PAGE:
You Are My Sunshine, My Only Sunshine
Summer is finally here, and after a long fall and winter hibernation, we all crave the warmth and light that our wonderful sun provides. Unless you’re nocturnal and related to Count Dracula, you cannot survive without sunlight. Sunlight provides plants with the energy they need to give us oxygen and food and provides many other well-researched health benefits.
Health Benefits of Sunlight
The sun emits 3 types of Ultraviolet (UV) radiation; UVA, UVB and UVC. The ozone layer in the atmosphere filters out UVC completely so we're only exposed to UVA and UVB.
- UVB radiation from sunlight allows us to make
- Vitamin D
- Important for immunity, cancer prevention, bone, mental health, autoimmune disorders, etc.
- 5 to 30 min of unprotected skin exposure at least three times a week was considered sufficient to maintain healthy vitamin D levels.
- A pain-relieving and stress-reducing hormone called Beta-endorphin
- UVA radiation
- Increases nitric oxide production in the skin, which lowers blood pressure, increases blood flow and heart rate and supports cardiovascular health.i, ii
- Triggers the release of serotonin – the so-called “feel good” chemical
- Reduces the risk of seasonal affective disorder (aka SAD), anxiety & depression.iii
- Improves sleep by regulating circadian rhythms & increasing melatonin production
- May increase longevity – a study found those with more sun exposure lived 6 months to 2 years longer than those with less exposure.iv
- Helps with a variety of skin conditions; psoriasis, eczema, vitiligo
- Reduced risk of nearsightedness (myopia)v
You Can Have Too Much of A Good Thing
As wonderful as sunlight can be, excessive exposure can be harmful. One obvious risk is sunburn. Long periods of unprotected sun exposure can damage the skin, cause premature skin ageing and potentially skin cancer.
Reduce Your Risk of Skin Damage from Sunlight
There are several strategies one can use to reduce the risk of sunburn:
- Reduce Exposure
- Limit your exposure to sunlight during the most intense hours, 10 am to 2 pm.
- Use A Natural Sunscreen
- Many sunscreens contain undesirable chemicals.vi You can find a list of safer options on the Environmental Working Group website.
- As a rule of thumb, try getting 5 to 30 minutes of sunlight before applying sunscreens. Earlier studies suggest that sunscreens could dramatically lower vitamin D production.vii More recent research has shown that’s not the case.viii It appears that sunscreens still allow for healthy levels of vitamin D production.
- Consume Antioxidant-Rich Foods and Beverages
- UV radiation can harm the skin by producing chemicals known as Reactive Oxygen Species (aka ROS)
- There are several foods that have been shown in studies to protect us from the sun.ix, x, xi, xii, xiii These include blueberries, pomegranate, mulberries, cranberries, strawberries, blackberry, lemons, rosemary, parsley, peppers, tomatoes, onions, artichoke, mushrooms (like reishi & golden chanterelle), olive oil, green and chamomile tea, red wine, and coffee to name a few.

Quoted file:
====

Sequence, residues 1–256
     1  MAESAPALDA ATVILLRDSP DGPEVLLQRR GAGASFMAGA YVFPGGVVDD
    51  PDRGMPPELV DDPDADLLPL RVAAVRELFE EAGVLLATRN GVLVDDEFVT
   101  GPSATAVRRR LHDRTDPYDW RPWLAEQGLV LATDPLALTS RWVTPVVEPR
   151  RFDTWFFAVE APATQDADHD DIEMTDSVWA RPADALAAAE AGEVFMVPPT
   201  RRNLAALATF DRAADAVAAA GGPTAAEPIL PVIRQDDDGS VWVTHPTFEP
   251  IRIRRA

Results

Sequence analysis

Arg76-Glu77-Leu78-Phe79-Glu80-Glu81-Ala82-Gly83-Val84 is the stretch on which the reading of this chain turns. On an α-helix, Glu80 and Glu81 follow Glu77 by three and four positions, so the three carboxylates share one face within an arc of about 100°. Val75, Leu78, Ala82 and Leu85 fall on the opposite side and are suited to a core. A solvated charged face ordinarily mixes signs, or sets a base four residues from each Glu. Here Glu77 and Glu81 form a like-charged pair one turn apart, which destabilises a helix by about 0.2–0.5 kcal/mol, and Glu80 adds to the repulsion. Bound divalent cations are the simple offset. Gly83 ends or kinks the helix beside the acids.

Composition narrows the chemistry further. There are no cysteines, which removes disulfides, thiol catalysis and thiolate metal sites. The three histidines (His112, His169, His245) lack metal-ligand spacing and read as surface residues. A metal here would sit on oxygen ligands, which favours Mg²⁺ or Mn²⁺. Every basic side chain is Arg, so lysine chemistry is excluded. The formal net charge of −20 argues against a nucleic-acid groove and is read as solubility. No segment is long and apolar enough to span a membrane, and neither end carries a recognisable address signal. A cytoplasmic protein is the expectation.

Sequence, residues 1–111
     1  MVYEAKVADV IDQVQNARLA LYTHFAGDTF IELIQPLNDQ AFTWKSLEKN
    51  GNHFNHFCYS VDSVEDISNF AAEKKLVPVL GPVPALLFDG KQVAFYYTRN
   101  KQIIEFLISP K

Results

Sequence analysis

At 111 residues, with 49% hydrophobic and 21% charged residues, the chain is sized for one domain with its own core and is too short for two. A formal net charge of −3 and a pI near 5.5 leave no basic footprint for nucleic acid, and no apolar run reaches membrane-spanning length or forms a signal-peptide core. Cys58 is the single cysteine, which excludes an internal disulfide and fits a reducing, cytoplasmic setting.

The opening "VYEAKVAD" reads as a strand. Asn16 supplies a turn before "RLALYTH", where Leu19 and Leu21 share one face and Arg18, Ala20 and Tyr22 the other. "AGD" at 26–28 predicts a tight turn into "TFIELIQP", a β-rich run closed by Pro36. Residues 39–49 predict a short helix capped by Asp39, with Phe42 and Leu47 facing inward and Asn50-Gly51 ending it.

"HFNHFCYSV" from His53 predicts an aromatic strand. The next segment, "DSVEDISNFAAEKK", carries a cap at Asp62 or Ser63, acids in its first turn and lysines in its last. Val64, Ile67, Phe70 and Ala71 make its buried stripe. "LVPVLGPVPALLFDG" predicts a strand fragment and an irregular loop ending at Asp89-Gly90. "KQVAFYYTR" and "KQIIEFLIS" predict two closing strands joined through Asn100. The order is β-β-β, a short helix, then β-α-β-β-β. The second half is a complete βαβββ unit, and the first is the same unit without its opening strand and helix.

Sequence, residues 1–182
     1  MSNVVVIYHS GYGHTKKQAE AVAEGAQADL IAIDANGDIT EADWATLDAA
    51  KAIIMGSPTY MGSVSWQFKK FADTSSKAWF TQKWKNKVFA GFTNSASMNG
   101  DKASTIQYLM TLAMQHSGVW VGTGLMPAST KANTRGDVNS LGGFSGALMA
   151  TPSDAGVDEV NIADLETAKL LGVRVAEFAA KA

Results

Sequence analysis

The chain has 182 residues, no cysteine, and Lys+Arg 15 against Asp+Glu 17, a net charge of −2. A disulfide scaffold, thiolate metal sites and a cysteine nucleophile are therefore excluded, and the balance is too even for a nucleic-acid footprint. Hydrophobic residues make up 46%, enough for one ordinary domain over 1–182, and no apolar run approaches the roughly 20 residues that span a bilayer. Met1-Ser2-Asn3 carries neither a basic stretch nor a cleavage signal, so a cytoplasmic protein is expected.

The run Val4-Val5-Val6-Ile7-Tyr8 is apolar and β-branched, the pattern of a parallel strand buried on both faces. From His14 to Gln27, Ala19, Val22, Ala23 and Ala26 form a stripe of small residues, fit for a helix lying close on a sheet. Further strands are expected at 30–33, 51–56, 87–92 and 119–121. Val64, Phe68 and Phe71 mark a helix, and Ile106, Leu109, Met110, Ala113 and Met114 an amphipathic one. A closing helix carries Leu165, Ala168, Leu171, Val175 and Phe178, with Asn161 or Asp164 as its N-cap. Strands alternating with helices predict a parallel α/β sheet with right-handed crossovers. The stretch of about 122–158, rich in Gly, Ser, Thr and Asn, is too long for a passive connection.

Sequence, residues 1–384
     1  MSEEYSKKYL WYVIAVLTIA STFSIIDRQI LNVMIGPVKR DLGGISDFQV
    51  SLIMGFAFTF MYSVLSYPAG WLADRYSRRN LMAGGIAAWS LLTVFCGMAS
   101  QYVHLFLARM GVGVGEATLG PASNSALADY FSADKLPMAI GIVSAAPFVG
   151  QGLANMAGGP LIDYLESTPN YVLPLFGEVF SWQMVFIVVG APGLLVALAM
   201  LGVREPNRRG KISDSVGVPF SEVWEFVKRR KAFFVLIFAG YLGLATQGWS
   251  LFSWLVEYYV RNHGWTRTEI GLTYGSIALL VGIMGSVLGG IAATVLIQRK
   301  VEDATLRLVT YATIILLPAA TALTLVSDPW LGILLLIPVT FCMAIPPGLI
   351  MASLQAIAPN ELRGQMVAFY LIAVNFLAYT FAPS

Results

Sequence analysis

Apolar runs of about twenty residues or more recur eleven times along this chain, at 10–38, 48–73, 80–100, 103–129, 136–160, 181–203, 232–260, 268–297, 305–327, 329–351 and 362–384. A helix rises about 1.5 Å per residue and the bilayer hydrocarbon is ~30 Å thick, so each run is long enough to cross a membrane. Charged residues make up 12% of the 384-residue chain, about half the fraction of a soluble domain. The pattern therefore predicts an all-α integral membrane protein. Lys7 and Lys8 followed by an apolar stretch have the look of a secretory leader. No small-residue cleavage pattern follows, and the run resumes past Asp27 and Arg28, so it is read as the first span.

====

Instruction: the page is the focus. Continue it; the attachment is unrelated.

- Use Anti-Inflammatory Compounds
- Reduce the inflammation that results from UV radiation. xiv, xv
- Anti-inflammatory foods include omega-3 fats (flax, fish, chia, walnuts), Turmeric (curcumin), Ginger, Berries (rich in anti-inflammatory compounds called anthocyanins), Fermented Foods (e.g., sauerkraut - probiotics provide systemic anti-inflammatory benefits).
Like almost all things in life, too much of a good thing can be bad. Be sure to enjoy the beautiful sunlight we get this time of the year but don’t overindulge.
i J Invest Dermatol. 2014 Jul;134(7):1791-1794.
ii Sci Rep. 2017 Sep 11;7(1):11105.
iii J Affect Disord. 2016 Nov 15;205:234-238.
iv J Intern Med 2014; 276: 77– 86
v JAMA Ophthalmol. 2017;135(1):47-53.
vii Br J Dermatol. 2012 Aug;167(2):391-5.
viii Br J Dermatol. 2019 Nov;181(5):907-915.
ix Journal of Functional Foods. 2017;30(Complete):108-118
x Mini Rev Med Chem. 2011 Dec;11(14):1200-15. PMC3288507.
xi Food Funct. 2014 Sep;5(9):1994-2003.
xii Sci Rep. 2017 Jul 11;7(1):5106.
xiii Sci Food Agric. 2016 Jul;96(9):2952-62.
xiv Cell Death Dis 8, e3148 (2017).
xv CNS Neurosci Ther. 2016 Feb; 22(2): 118–126.
xvi Front. Nutr., 08 November 2017
Disclaimer: The information in this article has not been evaluated by the U.S. Food and Drug Administration or Health Canada. This product is not intended to diagnose, treat, cure, or prevent any disease. This article is for information purposes only and is not intended to be a substitute for professional medical advice. Please seek competent medical advice before making any significant changes to your normal eating pattern.